Description of Historic Place
This large church building at the southwest corner of Spring and Winter Streets is home to the congregation of Trinity United Church of Summerside. Having been spared from destruction in the Great Fire of 1906, it is the oldest standing church building still in use in the original Town of Summerside. It is a Gothic Revival design by the prominent Summerside architect/builder George E. Baker. It is clad in white vinyl and decorative cedar shingles.
The church is valued for its Gothic Revival architectural style; its historical association with the history of Methodism in Summerside; and for its contribution to the streetscape.
The history of the congregation predates the building by several decades. The first Methodist congregation accepted a lot of land on First Street from Joseph Green. A building constructed in 1859 was used for services until 1884 when the congregation joined with the local Bible Christian congregation as part of a national union. The congregations decided to use the 1874 Bible Christian building on the northwest corner of Spring and Winter Streets and the chapel on First Street was sold. The combined congregations soon felt the need for a larger structure.
Tenders were called in February 1893, the plans having been drawn up by local architect George E. Baker. The contract was awarded to Schurman, Clark and Company of Summerside and the cornerstone ceremony took place on the 3rd of August with a Masonic ritual. Two dates were carved into two separate stones, one being A.D. 1893 and the other A.L. 5893, the Anno Lucis date known to the Masonic order. According to George A. Leard, who wrote a history of Trinity United Church in 1958: "this is rarely seen in church foundations."
The work of building the church continued into 1894. A Charlottetown Guardian article included the following details: "The church is Gothic in construction and has two towers... one large and one small with entrances to the church through each... The dimensions are: nave, 45 x 70; transepts, 8 x 30; choir, 25 x 15... The windows are tinted with different colored cathedral glass... The Methodists of this town are to be congratulated on having such a splendid church..."
For the official opening on August 12th, assurances were made that extra chairs could supplement the 500 seats available in the cushioned pews. Three services drew throngs of people, many coming from other parts of the province.
The former church on the opposite side of Winter Street was remodelled for use as a church hall and Sunday School and became known as Epworth Hall.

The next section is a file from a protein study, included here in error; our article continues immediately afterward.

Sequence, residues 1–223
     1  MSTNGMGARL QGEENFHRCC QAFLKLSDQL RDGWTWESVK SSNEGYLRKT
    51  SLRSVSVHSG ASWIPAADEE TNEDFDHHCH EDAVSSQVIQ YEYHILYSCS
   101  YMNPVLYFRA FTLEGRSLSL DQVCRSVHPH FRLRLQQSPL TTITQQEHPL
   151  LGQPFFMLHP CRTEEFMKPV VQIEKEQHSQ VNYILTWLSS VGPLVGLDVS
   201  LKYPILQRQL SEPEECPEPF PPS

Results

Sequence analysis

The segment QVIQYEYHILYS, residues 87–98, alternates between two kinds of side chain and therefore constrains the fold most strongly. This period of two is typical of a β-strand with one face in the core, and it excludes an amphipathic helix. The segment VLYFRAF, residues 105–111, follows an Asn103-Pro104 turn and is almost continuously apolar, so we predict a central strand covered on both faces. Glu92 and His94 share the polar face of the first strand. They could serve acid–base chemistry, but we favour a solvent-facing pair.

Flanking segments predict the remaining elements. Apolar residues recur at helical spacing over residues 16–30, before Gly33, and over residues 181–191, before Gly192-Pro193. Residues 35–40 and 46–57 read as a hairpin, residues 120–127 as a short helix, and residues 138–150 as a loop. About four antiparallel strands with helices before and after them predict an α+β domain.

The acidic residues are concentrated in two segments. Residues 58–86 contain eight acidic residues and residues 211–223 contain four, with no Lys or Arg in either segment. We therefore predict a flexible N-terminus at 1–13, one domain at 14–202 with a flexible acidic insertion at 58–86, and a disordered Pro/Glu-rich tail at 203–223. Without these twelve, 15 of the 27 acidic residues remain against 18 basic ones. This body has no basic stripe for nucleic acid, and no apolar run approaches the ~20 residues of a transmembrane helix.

On June 10, 1925 a national union of Methodist, Congregational, and three quarters of the Presbyterian Churches in Canada led to the formation of the United Church of Canada. The local Presbyterians who joined with the Methodists helped to choose the name of Trinity United Church.
In 1938, the first of many memorial stained glass windows was unveiled. Later, others were presented and now all the windows in the sanctuary are stained glass. Some alterations were made to the basement of the church in 1947 when the original seven-foot foundation was further excavated in order to increase useable space.
The first major structural change to the building occurred in 1957. M.F. Schurman Limited extended the nave 56 feet to the west thereby creating seating for an additional 200 persons.
The continued growth of the congregation necessitated another major expansion to the building in 1982. Plans were drawn for a further expansion to the west, this time measuring 84 feet in length and shaped like a "U". The large addition resulted in an auditorium, a new kitchen, office space and washrooms on the upper level. On the lower floor, space was allotted for offices, meeting room, classrooms, washrooms, and a ladies parlour. In 1988, the original stone foundation was removed section-by-section and replaced with concrete.
Another addition to the building took place in 2007 when the eastern elevation was extended towards Spring Street which expanded the narthex/lobby and created a large multi-purpose room in the basement. The above ground foundation stones and the large stained glass windows on the east wall were removed and then replaced as the work progressed.
Source: City of Summerside Heritage Property Profile
The heritage value of the building is shown in the following character-defining elements:
- the rectangular massing and form
- the concrete foundation with decorative stone covering on the east elevation
- the large steeply pitched gable roof with asphalt shingles
- the Gothic Revival style buttressed small northeast tower with snub spire
- the Gothic Revival style buttressed southeast full tower with louvers and finial
- the decorative shingle pattern on the towers
- the transepts
- the batten board of the gables ends
- the small rose window in the east pedimented gable end
- the grouped tall multi-paned stained glass Gothic windows with eared caps on the east elevation which were retained in the 2007 extension
- the grouped tall multi-paned stained glass Gothic windows with eared caps on north and south transepts